D.H. Luddite


I’m wondering why the music has died. With the rise of the internet and electronic devices, people have become less human and social, which means they don’t make music together anymore. My iPad is so smart that it anticipates everything I’m going to say before I say it. D.H. Lawrence could’ve foreseen a world like ours, with the machines out of control and human beings subordinate to them. He’d be disgusted that we let this happen… Now we depend on the machines and keep using them for our convenience. I think live music is a casualty of the machine dependent age. It brings out the Luddite in me, though The Buggles saw the same thing in 1979 when they made The Age of Plastic.

Video killed the radio star

Video killed the radio star

In my mind and in my car

We can’t rewind, we’ve gone too far

Short of some cataclysm, it’s impossible to go back. But if I had a Time Machine, you know I’d go backwards like a shot.

I am the backwards traveler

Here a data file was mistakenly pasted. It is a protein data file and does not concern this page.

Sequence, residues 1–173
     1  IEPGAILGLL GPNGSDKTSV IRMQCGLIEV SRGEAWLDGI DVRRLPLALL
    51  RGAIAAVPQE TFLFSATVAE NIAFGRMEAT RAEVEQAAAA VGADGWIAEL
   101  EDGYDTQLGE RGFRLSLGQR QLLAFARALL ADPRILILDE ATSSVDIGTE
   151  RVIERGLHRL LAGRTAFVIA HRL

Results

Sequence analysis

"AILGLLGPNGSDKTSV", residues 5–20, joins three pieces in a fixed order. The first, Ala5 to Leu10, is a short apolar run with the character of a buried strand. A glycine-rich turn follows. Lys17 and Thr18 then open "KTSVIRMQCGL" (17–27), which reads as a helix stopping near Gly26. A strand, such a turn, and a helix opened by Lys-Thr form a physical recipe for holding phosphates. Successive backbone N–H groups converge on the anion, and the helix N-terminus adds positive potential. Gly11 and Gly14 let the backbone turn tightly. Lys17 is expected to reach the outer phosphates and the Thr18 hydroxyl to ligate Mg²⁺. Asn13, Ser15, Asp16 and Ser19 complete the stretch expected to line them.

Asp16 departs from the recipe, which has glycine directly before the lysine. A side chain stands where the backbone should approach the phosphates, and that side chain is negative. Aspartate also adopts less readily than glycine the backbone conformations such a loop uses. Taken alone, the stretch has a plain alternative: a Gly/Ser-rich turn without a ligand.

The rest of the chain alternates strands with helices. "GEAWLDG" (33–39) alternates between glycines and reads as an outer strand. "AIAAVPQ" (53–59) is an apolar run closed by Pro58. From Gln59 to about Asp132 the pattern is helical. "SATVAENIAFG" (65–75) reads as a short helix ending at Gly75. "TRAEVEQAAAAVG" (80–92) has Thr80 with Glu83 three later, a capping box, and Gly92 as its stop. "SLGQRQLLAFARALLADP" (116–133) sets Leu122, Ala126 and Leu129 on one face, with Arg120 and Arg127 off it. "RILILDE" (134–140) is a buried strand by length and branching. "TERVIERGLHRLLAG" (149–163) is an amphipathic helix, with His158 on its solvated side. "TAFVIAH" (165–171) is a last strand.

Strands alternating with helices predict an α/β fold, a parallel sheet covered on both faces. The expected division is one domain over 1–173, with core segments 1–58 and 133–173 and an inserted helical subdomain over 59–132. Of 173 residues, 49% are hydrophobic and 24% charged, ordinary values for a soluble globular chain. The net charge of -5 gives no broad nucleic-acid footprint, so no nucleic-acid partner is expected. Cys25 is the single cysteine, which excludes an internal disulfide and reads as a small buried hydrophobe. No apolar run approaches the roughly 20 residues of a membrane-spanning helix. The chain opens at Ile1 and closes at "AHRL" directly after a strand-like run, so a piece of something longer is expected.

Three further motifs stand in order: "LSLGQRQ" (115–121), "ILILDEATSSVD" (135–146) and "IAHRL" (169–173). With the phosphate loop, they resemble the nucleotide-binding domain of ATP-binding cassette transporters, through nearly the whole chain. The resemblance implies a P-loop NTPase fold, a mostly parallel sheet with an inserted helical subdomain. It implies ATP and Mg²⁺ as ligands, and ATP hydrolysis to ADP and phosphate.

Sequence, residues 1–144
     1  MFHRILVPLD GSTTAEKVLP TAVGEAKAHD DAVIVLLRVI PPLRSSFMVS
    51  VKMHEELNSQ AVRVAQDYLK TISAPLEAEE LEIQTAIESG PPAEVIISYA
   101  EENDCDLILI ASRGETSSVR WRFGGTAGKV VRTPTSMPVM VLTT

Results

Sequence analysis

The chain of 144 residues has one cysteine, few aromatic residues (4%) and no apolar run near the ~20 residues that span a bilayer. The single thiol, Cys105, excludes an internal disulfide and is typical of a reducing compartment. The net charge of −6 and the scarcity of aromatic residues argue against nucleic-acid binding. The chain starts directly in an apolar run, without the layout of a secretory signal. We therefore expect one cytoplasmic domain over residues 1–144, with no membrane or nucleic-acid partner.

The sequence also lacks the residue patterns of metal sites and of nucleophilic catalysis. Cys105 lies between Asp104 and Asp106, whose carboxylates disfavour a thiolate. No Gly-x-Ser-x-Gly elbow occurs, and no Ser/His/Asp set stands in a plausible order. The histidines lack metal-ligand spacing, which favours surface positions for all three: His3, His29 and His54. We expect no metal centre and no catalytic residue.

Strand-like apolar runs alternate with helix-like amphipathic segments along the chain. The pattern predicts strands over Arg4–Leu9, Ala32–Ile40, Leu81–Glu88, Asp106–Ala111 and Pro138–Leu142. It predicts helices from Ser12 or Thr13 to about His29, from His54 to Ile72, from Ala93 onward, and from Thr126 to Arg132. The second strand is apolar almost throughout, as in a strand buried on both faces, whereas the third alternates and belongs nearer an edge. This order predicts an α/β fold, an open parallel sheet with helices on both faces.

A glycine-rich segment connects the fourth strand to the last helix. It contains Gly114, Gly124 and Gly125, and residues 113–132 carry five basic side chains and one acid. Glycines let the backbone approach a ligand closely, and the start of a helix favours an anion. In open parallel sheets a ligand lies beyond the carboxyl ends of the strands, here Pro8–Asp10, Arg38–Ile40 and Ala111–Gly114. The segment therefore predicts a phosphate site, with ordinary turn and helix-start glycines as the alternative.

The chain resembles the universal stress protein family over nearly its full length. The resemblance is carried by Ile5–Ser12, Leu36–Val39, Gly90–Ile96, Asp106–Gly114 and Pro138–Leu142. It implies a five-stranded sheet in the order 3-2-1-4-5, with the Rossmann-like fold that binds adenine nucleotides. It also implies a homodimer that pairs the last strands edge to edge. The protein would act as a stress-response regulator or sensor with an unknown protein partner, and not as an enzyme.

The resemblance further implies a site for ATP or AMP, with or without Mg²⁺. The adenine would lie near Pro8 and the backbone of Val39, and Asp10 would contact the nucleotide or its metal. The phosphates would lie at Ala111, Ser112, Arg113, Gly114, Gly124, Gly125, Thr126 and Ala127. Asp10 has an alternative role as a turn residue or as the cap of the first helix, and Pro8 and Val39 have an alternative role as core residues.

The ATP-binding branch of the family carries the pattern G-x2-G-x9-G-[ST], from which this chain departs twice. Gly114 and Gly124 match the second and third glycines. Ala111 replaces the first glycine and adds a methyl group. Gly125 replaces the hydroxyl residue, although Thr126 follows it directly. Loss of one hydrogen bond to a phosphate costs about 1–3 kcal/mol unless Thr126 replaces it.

Ancient wool unraveler

Singing songs, wailing on the moon…

We’ll be wailing on the moon 

The Motels


Again I feel tired and kind of lonely since talking with my sister on the phone. Sometimes we just don’t agree on much at all, and it wears me down. I had a different father from my siblings, which puts me on an island all by myself.

Quarter of three.

I was feeling low, so I needed to distract myself by doing something different. I played the bass for a bit and found myself picking out an old song by The Motels called “Only the Lonely.” I used harmonics for the synth chords, just simple diatonic fourths, and the bass line was easy enough. Presently I felt sad and pensive, remembering my mother’s own loneliness and need of a friend. When I was 16 I vowed to myself that I would be kind to Mom and be her buddy. The video by The Motels was often on MTV that autumn, causing me to stop and think, though a teenager’s thoughts are mostly nonverbal. At least mine were. And the emotions I felt were pain and pity even though the song was a little lugubrious.